If it does turn out to be 17 1/2 that would add 4 more stitches to each side to decrease. 

Let me know if your measurement changes.

Using 15" as my back measurement, I've ended up with 16 as my final number; I could BO these, I think, as 2rows of 5 sts and 2 rows of 3 sts.  Would that be right?  What happens then about the decreases after the BOs?  I think I'm being very slow here, but I've never done a big adaptation of a pattern like this before and I should really have learnt something if I can get on top of this.

Sorry about still having no phots., but my phot. program has been on the blink for ages and OH has just given up after another afternoon of trying to sort it out.

 

 

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Posts 80
oxid8 wrote
on Jul 31, 2011 7:12 PM

imalulu:

Shanna....I find this info very helpful and I've tried out one underarm bind-off and curve, but have decided to try another.  I have signed up for and am taking the Knit Lab course "Fit Your Knits"....and the section relating to this subject is really scaring me about how to knit the sleeve cap to fit into the bind-off and armhole curve.  In fact, the instructor says that you basically need a whole class in fitting the sleeve cap into the armhole scye.  I don't have any of the knitwear design books that you have, and wondered if you have looked at the comparison to the armhole shaping and the sleeve cap shaping so they fit and can advise us. Surprise Lynne aka imalulu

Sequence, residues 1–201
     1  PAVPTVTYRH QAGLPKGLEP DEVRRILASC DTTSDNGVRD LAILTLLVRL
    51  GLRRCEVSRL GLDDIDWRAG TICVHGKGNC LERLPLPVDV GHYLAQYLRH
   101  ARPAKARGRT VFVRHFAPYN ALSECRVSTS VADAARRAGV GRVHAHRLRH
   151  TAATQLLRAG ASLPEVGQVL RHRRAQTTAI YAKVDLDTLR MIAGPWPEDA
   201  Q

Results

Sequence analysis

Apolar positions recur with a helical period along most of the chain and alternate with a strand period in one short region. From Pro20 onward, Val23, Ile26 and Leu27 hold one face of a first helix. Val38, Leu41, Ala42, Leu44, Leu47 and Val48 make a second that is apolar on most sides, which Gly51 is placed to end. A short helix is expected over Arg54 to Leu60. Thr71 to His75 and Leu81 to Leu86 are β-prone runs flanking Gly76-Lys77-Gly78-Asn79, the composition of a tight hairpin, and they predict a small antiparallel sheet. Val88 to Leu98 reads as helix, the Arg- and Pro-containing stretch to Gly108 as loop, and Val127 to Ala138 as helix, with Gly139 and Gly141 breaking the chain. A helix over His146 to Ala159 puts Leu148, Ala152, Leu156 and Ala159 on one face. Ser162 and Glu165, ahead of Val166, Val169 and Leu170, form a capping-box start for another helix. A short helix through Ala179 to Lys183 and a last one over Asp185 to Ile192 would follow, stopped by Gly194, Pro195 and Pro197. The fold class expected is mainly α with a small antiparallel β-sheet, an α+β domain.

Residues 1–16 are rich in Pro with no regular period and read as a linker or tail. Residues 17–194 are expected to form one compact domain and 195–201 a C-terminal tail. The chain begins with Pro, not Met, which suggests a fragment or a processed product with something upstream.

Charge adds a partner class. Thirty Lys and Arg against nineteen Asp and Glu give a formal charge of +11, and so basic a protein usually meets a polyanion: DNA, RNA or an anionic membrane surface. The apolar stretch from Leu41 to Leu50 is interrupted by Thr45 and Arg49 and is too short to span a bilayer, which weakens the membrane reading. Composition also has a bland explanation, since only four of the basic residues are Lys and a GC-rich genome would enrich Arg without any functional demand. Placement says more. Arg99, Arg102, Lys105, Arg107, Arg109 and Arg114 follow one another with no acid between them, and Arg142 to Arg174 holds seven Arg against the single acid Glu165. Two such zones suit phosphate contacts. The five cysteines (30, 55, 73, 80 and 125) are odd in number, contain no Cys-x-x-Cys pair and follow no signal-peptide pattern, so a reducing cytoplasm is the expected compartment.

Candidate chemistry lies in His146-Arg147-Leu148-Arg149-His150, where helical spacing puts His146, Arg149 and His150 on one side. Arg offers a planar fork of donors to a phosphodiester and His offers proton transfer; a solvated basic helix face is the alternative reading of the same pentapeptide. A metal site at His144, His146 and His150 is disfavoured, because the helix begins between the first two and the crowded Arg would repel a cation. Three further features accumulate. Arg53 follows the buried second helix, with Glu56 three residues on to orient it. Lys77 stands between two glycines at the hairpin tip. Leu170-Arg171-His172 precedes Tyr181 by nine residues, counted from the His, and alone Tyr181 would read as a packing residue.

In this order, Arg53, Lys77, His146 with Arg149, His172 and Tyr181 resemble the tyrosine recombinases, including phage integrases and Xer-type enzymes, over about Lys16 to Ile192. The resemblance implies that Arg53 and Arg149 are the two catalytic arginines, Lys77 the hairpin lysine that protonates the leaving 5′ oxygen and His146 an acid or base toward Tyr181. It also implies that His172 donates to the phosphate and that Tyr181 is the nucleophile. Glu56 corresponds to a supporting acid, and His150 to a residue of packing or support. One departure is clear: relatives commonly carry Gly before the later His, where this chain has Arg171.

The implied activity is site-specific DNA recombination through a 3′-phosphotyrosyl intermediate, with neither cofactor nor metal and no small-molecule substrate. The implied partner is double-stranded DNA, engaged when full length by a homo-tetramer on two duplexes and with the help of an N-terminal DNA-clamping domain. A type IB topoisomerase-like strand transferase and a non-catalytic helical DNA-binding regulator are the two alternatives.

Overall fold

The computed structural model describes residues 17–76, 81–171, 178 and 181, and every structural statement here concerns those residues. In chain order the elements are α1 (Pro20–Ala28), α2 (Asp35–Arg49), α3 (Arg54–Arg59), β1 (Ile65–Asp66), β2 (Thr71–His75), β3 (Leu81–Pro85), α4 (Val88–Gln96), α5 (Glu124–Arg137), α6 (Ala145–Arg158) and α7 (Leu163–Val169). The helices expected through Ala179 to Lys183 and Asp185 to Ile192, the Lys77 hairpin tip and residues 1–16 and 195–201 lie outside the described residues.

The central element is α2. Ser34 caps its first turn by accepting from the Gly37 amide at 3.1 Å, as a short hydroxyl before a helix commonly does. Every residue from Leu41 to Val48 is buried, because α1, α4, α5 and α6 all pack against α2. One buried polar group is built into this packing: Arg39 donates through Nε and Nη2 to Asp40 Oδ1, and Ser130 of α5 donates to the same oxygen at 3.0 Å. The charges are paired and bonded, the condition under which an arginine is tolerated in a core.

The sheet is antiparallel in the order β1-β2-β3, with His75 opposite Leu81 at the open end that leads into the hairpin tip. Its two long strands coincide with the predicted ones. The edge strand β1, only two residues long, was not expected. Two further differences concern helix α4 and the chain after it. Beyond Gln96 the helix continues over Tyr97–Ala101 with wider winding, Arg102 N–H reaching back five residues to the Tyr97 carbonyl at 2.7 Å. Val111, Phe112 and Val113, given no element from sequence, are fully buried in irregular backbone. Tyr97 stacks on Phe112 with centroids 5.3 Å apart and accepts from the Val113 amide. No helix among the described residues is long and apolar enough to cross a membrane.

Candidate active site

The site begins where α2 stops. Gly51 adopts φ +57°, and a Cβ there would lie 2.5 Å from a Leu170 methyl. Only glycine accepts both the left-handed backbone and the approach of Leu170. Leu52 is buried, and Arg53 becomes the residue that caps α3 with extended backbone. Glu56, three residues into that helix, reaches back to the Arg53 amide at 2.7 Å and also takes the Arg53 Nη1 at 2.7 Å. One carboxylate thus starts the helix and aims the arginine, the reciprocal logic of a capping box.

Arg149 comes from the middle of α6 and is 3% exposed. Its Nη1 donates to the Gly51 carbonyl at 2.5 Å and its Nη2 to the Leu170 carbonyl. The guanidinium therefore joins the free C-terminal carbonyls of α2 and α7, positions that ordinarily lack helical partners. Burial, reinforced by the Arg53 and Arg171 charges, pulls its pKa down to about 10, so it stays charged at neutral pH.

Lynne,

I decided to check out that lab as well since it was half off.  She had some good things going on but I think the biggest reason she said that is because she was concentrating on fit below the armhole and on raglan sweaters.  Both of her patterns in that course are raglan.  Before I had the books I came across an article by Pam Allen in Interweave Knits Winter 2007 about set-sleeves.  She gives you the formula to calculate how to make the sleeve caps to fit the armhole but doesn't tell how to do the armhole.  This is an excellent article.  At some point down the road I am probably going to explain this but if you have access to that article it tells you what to do.  The books pretty much say the same thing.  If you don't have access maybe you could ask Kathleen if she would be willing to put it online somewhere.  If that doesn't work out then lets talk again. Basically it is more math.  I was very glad to find that article because I don't like to try and rip fifty times to get what I like.